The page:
WH2XCR, as reported by VK2XGJ


WH2XCR VK4YB 022716

WH2XCR, as reported by VK4YB


VK4YB WH2XCR 022716

VK4YB, as reported by WH2XCR


WH2XCR WE2XPQ1 022716

WH2XCR, as reported by WE2XPQ/1


Phil, VK3ELV, received the following reports from Japan and Hawaii:

VK3ELV JH1INM 022716

VK3ELV, as reported by JH1INM



VK3ELV, as reported by TNUKJPM


VK3ELV WH2XCR 022716

VK3ELV, as reported by WH2XCR


Additional statistics, comments, anecdotes, and information:

Phil, VE3CIQ, reports that he decoded ten stations and was decoded by 21 at 50 mW ERP.

Ken, K5DNL / WG2XXM, reports that he decoded 12 and was decoded by 43-unique stations.

John, WA3ETD / WG2XKA, reports that he has a digital oscilloscope for sale which came from an estate.  The sale notice can be found here.  Please contact him directly for information.  This scope would be good for scope match and the price is right.

Jim, W5EST, provided the follow discussion, entitled “PART I: 630M DAYTIME PROPAGATION USING 2/25/16 WORK PLAN”:

“The KB5NJD blog is a regular source of 630m daytime info since Oct. 25. WG2XIQ (Texas) has run one of the very few 630m transmitters on which a lot of the daytime sky wave reception information was based since Oct. 25. WG2XKA (VT) and WH2XGP (WA) likewise have provided daytime 630m transmissions.

So, TABLE I shows daytime skywave  receptions starting late October instead of my work-planned start date of Aug. 1. Appended Q&A with John WG2XIQ give some assurance that the daytime info since Oct. 25 is adequately trustworthy.

However, thunderstorms near 630m receivers could mask 630m daytime reception some days, regardless of space weather. Likewise, a station might turn off its 630m transmitter due to a nearby thunderstorm. Here at W5EST I have logged thunderstorms by region daily. Accordingly, thunderstorm tabulation by region of the 630m TX and RX stations in Eastern USA, Mid-USA, West USA is added to the work plan for attention another day.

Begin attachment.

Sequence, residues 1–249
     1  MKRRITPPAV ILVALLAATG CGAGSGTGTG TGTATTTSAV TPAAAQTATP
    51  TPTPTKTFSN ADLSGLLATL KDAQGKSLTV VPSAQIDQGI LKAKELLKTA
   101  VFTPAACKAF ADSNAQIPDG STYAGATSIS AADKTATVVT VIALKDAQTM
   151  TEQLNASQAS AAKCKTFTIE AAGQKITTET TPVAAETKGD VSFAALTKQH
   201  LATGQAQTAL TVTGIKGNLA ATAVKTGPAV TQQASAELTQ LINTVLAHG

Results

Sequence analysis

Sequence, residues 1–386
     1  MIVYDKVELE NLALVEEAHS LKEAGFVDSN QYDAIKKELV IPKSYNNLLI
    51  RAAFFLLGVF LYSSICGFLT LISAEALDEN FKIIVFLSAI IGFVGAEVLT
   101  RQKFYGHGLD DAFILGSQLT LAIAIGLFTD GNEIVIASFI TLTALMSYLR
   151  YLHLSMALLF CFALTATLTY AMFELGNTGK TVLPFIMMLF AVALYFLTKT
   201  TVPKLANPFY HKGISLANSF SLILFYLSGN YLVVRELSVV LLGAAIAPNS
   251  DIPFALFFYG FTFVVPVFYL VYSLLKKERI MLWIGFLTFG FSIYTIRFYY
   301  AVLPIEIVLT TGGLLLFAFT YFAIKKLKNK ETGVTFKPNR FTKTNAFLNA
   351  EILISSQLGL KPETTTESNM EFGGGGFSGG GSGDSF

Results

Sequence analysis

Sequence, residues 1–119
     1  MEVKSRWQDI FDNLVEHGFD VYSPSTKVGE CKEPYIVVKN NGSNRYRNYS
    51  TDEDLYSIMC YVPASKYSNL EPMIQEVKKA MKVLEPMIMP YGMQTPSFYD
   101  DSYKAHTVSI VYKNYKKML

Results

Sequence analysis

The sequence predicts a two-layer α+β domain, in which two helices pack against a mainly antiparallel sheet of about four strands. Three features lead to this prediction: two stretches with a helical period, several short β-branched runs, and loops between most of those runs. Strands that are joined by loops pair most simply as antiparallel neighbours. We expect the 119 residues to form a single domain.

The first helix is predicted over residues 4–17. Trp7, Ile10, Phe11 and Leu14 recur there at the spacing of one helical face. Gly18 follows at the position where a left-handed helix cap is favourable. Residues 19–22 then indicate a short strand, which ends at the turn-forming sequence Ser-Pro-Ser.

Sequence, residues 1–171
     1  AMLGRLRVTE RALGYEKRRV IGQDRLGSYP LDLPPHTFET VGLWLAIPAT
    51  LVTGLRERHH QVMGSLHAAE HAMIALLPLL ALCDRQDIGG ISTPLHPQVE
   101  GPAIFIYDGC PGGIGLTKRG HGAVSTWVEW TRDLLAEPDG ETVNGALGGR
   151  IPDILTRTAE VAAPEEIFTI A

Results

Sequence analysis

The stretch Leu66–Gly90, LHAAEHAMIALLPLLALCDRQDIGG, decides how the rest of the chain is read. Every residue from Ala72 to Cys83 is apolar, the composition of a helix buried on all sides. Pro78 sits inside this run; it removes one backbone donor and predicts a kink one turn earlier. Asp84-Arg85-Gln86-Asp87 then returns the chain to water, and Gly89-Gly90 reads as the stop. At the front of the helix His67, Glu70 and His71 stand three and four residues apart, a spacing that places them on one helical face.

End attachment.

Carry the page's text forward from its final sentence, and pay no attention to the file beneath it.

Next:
44 daytime sky wave receptions significantly clustered by dates and accounted for 36% of the 123 days Oct. 25-Feb. 25 (four months).


Oct. 25.                                            Singleton.  October had 1 day of daytime prop we know of.

Nov. 2-6, 9-15, 18-20, 22-25            4 Clusters occupy 19 days of Nov. November had 20 days.

Nov. 30, Dec. 2, 8, 10-12, 17.          Scattered, 1 Cluster. December had 9 days of daytime prop.

Dec. 29Jan.3, Jan 512.                  2 Clusters  January had 13 days of daytime prop.

Jan. 20 & 30. Feb. 6.                        Scattered.  February has 1 day of daytime prop so far.

I’ve now assembled solar flare information from GOES-15 data from the Lebedev web site to compare with our 630m daytime skywave reception information.  In Part 2 this Monday, let’s address the question whether or how well solar flares can predict 630m daytime prop by filling in TABLE 2.

The data will tell us the False Negatives Rate and the Precision of various predictors based on solar flare levels.  Recall that a False Negatives Rate is the number of daytime prop days incorrectly predicted negative and then divided by all daytime prop days. Precision is the number of daytime prop days correctly predicted positive, divided by all the days the predictor predicted positive.

In the meantime, today let’s get acquainted with a simple “November” predictor that just says, “If it’s the month of November, predict every day to be a daytime prop day.”  The 67% precision is favorable because 630m daytime prop occurred 20 out of 30 November days.  So far, so good.

However, the 55% False Negatives Rate tells us that if 630m stations relied on the “November” predictor, they would miss the majority of the daytime prop opportunities during the four-months Oct 25-.Feb. 25. So, the “November” predictor is inadequate I think.  Moreover, I don’t trust a calendar-month predictor from year to year since 630m daytime prop might unexpectedly concentrate into some other month in other years.

See you Monday!”

W5EST table 022716

Additions, corrections, clarifications, etc?  Send me a message on the Contact page or directly to KB5NJD <at> gmail dot (com)!